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Repent, bishop says after Duterte admits to EJKs

Paterno R. Esmaquel II

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Repent, bishop says after Duterte admits to EJKs
'We should welcome this public confession,' says Caloocan Bishop Pablo Virgilio David after President Rodrigo Duterte admits his 'only sin' is extrajudicial killings

MANILA, Philippines – President Rodrigo Duterte should repent now that he has publicly confessed that his “only sin” involves extrajudicial killings (EJKs), Caloocan Bishop Pablo Virgilio David said on Friday, September 28.

“We should welcome this public confession,” said David in a Facebook post Friday morning. 

David, whose diocese is a hotspot of EJKs, is one of the bishops most outspoken against drug war killings under Duterte. An internationally trained Bible scholar, he is also the vice president of the Catholic Bishops’ Conference of the Philippines.

David added on Friday, “We must remember, however, that the sacrament of reconciliation has 3 other components aside from confession. They are contrition, penance, and absolution.”

“Confession is admission; it is already a good start! If only it can go with sincere repentance or contrition and concrete acts of penance or reparation for the wrong that is done, God will always be magnanimous with his forgiveness (absolution),” the bishop added. 

David made this comment after Duterte on Thursday, September 27, admitted to EJKs in a speech at the oath-taking of new career executive service officers in Malacañang.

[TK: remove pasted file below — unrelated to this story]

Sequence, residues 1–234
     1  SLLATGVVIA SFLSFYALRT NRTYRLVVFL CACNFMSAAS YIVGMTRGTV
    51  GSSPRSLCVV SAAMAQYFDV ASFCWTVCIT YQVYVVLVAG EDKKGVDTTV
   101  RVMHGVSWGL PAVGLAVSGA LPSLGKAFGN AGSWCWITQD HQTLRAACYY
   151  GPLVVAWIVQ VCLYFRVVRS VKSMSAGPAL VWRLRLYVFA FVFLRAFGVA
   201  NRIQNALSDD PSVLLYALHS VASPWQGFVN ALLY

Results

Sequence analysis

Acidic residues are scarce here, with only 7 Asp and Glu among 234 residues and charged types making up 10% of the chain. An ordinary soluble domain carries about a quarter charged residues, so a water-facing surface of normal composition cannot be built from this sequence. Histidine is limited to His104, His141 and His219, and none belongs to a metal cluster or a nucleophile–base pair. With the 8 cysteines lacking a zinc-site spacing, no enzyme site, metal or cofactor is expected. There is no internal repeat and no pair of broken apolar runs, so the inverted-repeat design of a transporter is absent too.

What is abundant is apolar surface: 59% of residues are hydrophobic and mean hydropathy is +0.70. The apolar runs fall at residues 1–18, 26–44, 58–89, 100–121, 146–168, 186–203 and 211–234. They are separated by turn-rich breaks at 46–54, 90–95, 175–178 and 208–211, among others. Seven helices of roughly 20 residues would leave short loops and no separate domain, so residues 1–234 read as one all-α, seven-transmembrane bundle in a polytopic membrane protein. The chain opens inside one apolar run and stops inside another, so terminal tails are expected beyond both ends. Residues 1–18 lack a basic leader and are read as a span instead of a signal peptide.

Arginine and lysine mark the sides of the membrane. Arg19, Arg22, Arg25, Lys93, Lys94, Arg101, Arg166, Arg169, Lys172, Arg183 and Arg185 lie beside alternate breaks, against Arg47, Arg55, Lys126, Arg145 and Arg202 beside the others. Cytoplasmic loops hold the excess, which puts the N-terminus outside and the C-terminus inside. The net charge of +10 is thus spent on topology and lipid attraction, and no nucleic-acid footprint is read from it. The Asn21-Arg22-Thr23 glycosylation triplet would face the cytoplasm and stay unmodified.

Ano kasalanan ko? Nagnakaw ba ako diyan ni piso? Did I prosecute somebody na pinakulong ko? Ang kasalan ko lang ‘yung extrajudicial killings,” Duterte said. (What is my sin? Did I steal even one peso? Did I prosecute somebody who I ordered jailed? My sin is extrajudicial killings.)

On Friday, Presidential Spokesperson Harry Roque downplayed Duterte’s remarks, saying the chief executive was “not serious.” Roque, a former human rights lawyer, said on Friday, “That’s the President being himself, being playful – highlighting the point that he isn’t corrupt.”

This comes as the International Criminal Court (ICC) is determining if it can investigate the killings in Duterte’s anti-drug campaign. On social media, Duterte critics suggest that the ICC can use Duterte’s latest admission against him. 

More than 27,800 Filipinos have died in both vigilante-style killings and police operations since Duterte launched his anti-drug campaign in 2016. Meanwhile, Duterte continues to grow unpopular among Filipinos, as rising prices of goods and other issues pull down his trust and approval ratings. –

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Paterno R. Esmaquel II

Paterno R. Esmaquel II, news editor of Rappler, specializes in covering religion and foreign affairs. He finished MA Journalism in Ateneo and MSc Asian Studies (Religions in Plural Societies) at RSIS, Singapore. For story ideas or feedback, email